Edmonton mother found guilty of manslaughter in death of five-year-old girl

EDMONTON — An Edmonton woman was found guilty Friday of manslaughter in… Continue reading

A Statistics Canada 2016 Census mailer sits on the key board of a laptop after arriving in the mail at a residence in Ottawa, May 2, 2016. THE CANADIAN PRESS/Sean Kilpatrick
Statistics Canada sees more demand to fill out census online during pandemic

OTTAWA — Statistics Canada says the response to the census is higher… Continue reading

Travellers, who are not affected by new quarantine rules, arrive at Terminal 3 at Pearson Airport in Toronto, Monday, Feb. 22, 2021. Ottawa will create a new digital platform to help in processing immigration applications more quickly and efficiently after COVID-19 pandemic underscored the need for a faster shift to a digital immigration system, the immigration department said. THE CANADIAN PRESS/Frank Gunn
Ottawa to create new system to tackle delays in processing immigration applications

Ottawa says it will create a new digital platform to help process… Continue reading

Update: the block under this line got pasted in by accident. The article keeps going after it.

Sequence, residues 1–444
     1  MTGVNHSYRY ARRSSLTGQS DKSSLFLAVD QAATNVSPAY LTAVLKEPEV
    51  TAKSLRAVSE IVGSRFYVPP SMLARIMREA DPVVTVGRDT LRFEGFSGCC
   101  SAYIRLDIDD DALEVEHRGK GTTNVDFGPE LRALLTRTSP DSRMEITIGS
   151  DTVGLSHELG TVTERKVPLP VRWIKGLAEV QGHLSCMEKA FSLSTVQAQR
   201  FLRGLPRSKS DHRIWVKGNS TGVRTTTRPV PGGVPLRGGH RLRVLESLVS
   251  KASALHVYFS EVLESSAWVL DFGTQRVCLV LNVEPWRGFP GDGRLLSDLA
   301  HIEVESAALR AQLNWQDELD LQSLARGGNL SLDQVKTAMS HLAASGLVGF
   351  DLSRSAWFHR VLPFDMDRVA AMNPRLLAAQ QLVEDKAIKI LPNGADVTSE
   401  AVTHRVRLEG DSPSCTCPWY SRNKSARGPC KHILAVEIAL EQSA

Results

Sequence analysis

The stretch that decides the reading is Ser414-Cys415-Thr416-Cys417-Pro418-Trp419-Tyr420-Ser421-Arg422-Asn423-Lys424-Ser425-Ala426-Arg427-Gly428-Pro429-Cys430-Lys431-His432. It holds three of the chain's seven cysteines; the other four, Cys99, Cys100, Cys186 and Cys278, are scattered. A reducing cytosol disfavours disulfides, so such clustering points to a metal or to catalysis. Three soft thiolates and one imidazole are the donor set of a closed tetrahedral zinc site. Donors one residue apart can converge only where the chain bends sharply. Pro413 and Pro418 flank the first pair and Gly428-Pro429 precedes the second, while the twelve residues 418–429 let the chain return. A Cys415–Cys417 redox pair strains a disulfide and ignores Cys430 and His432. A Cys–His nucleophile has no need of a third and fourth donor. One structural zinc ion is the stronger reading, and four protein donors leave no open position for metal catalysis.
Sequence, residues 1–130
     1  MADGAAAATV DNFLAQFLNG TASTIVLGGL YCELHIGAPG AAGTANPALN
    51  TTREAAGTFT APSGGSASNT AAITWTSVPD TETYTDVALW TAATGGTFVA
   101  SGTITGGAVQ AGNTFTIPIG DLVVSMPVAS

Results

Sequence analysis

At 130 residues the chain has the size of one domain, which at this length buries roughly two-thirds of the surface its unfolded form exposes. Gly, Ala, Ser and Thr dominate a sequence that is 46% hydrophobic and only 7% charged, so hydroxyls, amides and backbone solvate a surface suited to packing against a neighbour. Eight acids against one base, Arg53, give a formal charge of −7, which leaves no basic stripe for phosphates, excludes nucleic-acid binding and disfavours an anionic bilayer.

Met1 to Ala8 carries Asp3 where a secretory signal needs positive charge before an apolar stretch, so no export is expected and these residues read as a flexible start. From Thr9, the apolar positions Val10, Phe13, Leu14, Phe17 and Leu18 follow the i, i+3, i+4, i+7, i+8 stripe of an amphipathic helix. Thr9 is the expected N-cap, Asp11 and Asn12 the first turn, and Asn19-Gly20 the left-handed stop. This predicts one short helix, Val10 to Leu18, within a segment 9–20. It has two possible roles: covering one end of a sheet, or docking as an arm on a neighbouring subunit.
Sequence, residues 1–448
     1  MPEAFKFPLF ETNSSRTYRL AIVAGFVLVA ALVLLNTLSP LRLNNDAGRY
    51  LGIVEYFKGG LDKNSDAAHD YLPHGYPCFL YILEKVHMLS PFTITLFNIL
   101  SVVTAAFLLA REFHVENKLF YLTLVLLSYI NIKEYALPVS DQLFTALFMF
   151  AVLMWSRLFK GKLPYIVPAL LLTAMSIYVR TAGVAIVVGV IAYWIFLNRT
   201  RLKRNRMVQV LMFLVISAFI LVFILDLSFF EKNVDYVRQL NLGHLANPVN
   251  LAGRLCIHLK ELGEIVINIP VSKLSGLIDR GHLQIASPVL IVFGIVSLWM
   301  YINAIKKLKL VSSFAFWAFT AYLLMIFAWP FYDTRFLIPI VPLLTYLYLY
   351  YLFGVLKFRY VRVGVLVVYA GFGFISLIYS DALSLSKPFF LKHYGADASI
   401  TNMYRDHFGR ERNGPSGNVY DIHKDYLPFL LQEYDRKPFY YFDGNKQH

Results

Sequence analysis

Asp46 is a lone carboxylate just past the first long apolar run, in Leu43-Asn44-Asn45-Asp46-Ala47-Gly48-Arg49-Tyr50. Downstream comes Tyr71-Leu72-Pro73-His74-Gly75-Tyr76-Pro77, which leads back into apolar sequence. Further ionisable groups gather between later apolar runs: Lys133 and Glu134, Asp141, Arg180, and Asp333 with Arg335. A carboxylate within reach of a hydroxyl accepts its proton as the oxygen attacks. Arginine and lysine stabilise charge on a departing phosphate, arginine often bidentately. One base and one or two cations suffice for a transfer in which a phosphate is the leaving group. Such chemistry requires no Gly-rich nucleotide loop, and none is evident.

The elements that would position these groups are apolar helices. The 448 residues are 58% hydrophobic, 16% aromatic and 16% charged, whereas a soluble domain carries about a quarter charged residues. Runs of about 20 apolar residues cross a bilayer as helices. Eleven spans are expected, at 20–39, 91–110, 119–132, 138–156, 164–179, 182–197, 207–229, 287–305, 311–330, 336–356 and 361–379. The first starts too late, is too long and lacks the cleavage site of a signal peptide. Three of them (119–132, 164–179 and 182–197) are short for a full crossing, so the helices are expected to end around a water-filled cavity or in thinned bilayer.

A man on a skateboard and a young woman pass large letters spelling out UBC at the University of British Columbia in Vancouver on November 22, 2015. The federal government is writing off more than $200 million in outstanding student loan payments that officials will never be able to collect. Recently released spending documents show the government won't collect $203.5 million in debts from 34,240 students. THE CANADIAN PRESS/Darryl Dyck
B.C. Human Rights Tribunal to hear complaint against UBC Okanagan

VANCOUVER — A B.C. Human Rights Tribunal hearing is set to start… Continue reading

In this file photo, a lotto Max ticket is shown in Toronto on Monday Feb. 26, 2018. (By THE CANADIAN PRESS)
No winning ticket for Friday’s $25 million Lotto max jackpot

TORONTO — No winning ticket was sold for the $25 million jackpot… Continue reading

FILE - In this April 19, 2021, file photo, Keidy Ventura, 17, receives her first dose of the Pfizer COVID-19 vaccine in West New York, N.J. States across the country are dramatically scaling back their COVID-19 vaccine orders as interest in the shots wanes, putting the goal of herd immunity further out of reach. (AP Photo/Seth Wenig, File)
States scale back vaccine orders as interest in shots wanes

MADISON, Wis. — States asked the federal government this week to withhold… Continue reading

Toronto FC coach Chris Armas talks with his players during a CONCACAF Champions League quarterfinal second leg soccer match against Mexico's Cruz Azul at Azteca stadium in Mexico City, Tuesday, May 4, 2021. THE CANADIAN PRESS/AP/Fernando Llano
Toronto FC coach Chris Armas returns to Red Bull Arena to face former team

Toronto FC coach Chris Armas returns to Red Bull Arena to face former team

Most Read